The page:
For example, he has reason to see to it that his house is wired in such a way that it will not catch fire and trap him inside and he has reason - with the other members of his community who also wish to avoid being burned - to support a fire department of skilled professionals who can and will respond quickly to a report if a fire and rescue those at risk.

He also has a reason to join with his neighbors to support a culture - to support institutions and practices - that will cause people (himself and others) to be reluctant to do things that would cause pain.

Furthermore, the standards for a good electrician, a good firefighter, and a good neighbor, and good institutions and practices are not arbitrary.

It is not a matter of opinion that the electrician willing to pass a heavy current through a thin wire, or who refuses to hook up circuit breakers, is just as good as the electrician who uses thicker gauge wires and circuit breakers.

Similarly, the neighbor who enjoys setting houses on fire, or who is careless with fire on his own property such that the fire may spread, or who is careless with fire while visiting - tossing a lit cigarette behind the couch, for example - is as good a neighbor as the responsible neighbor who makes the possibility of fire less likely.

Finally, you cannot draw any odd set of institutions out of a hat and claim that they are just as good as any other. They may not, in fact, be just as good at creating an environment that reduces the chance that one avoids pain or other unpleasantries - hunger, thirst, enslavement.

Everything said here about good neighbors and institutions and the interest in avoiding pain also applies to good neighbors and the interests in avoiding murder, rape, theft, lying, fraud, enslavement. It also applies to the relationship between neighbors and institutions and the practice of charity, civil defense, community education, and the creation of a clean and healthy environment.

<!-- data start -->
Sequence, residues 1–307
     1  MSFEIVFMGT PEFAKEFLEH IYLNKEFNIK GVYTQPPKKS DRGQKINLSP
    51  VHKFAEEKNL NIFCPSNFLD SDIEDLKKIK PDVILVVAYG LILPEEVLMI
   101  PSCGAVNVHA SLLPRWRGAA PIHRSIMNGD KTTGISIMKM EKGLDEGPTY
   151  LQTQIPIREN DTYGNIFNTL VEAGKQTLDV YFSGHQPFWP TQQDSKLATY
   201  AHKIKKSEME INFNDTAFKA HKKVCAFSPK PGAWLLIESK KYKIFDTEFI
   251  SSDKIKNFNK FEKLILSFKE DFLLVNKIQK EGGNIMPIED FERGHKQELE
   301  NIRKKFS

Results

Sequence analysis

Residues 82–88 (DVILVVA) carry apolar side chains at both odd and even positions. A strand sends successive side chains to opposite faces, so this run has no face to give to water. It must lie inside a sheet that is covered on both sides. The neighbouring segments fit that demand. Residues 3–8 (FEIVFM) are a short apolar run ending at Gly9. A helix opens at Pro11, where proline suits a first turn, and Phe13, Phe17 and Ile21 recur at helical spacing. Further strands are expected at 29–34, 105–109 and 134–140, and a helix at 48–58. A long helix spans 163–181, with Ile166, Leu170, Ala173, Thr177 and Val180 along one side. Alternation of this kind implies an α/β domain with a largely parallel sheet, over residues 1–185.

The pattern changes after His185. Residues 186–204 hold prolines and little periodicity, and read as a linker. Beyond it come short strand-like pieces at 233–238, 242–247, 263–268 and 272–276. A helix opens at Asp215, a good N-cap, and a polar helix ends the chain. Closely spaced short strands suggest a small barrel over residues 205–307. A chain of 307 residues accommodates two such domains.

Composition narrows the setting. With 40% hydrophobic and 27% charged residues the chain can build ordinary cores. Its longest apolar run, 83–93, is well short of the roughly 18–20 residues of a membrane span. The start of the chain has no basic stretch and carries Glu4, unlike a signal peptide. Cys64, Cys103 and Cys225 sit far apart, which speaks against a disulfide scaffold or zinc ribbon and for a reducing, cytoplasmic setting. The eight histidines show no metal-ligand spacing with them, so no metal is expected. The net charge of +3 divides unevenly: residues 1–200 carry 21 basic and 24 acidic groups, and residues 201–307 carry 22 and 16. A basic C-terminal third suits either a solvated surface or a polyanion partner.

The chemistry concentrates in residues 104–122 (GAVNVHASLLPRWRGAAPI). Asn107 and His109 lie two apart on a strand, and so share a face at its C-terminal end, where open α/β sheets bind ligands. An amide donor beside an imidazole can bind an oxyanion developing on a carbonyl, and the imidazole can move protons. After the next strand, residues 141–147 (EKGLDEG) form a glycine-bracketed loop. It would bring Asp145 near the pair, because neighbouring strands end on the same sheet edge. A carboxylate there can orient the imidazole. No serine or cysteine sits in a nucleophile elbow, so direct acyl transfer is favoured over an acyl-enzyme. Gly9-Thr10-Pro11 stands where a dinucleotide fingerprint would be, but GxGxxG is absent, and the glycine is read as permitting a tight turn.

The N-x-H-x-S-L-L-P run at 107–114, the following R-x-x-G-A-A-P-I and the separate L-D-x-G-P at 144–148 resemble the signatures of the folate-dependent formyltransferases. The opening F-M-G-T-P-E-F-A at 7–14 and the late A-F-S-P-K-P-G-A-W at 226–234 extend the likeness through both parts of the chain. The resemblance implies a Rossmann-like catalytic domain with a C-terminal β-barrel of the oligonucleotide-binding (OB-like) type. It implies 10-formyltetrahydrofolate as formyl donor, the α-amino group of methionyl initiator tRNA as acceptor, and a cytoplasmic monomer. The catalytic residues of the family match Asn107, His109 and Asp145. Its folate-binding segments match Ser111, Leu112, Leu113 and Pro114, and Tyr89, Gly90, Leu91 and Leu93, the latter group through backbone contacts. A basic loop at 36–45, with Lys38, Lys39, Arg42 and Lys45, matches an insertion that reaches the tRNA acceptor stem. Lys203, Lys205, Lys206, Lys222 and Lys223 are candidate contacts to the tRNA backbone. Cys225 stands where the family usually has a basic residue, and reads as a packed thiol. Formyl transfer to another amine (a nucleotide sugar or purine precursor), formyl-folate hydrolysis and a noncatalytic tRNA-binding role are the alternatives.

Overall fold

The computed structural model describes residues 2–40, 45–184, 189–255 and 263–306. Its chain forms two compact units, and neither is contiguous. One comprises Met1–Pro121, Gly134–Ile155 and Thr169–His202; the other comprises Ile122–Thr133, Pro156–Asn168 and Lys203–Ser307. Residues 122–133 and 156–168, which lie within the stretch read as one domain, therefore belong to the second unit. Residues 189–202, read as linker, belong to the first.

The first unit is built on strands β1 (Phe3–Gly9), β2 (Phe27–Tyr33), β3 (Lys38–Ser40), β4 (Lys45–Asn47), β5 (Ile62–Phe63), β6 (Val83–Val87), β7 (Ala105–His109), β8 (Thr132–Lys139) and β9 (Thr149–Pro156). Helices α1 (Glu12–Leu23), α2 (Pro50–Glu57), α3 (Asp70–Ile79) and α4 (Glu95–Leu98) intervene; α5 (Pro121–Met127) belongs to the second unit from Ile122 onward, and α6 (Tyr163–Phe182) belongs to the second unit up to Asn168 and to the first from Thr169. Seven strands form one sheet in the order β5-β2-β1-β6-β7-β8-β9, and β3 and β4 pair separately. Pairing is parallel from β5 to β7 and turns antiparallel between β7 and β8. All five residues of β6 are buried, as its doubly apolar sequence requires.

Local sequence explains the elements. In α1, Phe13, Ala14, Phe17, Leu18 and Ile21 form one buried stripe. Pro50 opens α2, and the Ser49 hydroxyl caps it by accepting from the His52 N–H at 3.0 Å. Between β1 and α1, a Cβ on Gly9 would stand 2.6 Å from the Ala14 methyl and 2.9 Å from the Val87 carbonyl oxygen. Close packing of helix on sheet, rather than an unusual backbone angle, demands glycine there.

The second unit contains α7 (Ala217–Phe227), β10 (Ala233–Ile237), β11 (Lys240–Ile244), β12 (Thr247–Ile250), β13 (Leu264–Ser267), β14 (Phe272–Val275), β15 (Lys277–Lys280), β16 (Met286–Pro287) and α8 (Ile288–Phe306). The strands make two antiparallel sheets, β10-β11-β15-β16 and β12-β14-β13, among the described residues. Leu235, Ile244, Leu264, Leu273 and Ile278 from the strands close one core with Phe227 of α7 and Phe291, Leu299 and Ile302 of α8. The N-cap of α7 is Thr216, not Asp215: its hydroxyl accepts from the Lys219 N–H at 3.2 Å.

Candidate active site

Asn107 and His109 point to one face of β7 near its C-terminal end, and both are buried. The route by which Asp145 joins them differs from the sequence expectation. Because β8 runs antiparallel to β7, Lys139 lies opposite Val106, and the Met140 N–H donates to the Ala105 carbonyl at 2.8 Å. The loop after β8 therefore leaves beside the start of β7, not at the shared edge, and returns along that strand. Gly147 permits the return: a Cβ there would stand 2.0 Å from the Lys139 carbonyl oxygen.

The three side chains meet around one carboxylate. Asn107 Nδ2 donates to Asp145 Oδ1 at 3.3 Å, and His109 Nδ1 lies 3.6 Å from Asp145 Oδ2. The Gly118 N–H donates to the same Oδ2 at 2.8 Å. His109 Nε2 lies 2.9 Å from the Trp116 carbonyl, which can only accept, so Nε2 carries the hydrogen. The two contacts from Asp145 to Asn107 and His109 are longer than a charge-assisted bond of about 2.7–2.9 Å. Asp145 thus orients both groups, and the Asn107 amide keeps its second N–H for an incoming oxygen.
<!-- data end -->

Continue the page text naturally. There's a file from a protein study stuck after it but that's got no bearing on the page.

All of this follows from the atheist's ability to recognize that a state in which one's hand is being burned - and similar kinds of states (hunter, depravation, enslavement) - is one that the agent has a reason to avoid.

I will draw the connection between these basic interests and moral institutions more clearly in future posts. For the moment, everything I need to say is sufficiently grounded on the fact that atheists can experience pain. This demonstrates that it is possible to hold that different arrangements of atoms can be qualitatively different without believing in a god. We can disagree how this is is possible - just as we can disagree as to the origin of matter and of life. However, that these qualitative differences exist is a fact that the atheist has no trouble recognizing.

Any view that holds that atheists would be incapable of perceiving or responding to qualitative differences among the arrangement of atoms is patently false.

Yet, this easily disproved view is held by a great many people. Why is this the case?

Whenever people hold to a view that is easily demonstrated to be false, we have reason to ask what it is that blinds them to the problems with this view and makes the falsehood attractive to them. The answer to this question has a lot to say about the perceived relationship between morality and god. I will address this question tomorrow.

1 comment:

Colin Murphy said...

Alonzo, I would just like to add that the typical theist who holds the view of value that you are critiquing would actually argue that "Of course, the atheist can recognize badness without belief in God; they just have no justifiable reason (or grounding) for saying that it it so. Of course that really isn't any better than the options you give in your posting because its like saying, "Sure you can say that your hand is in pain, but you have no reason to say that it is in pain" which is, of course, absurd as well.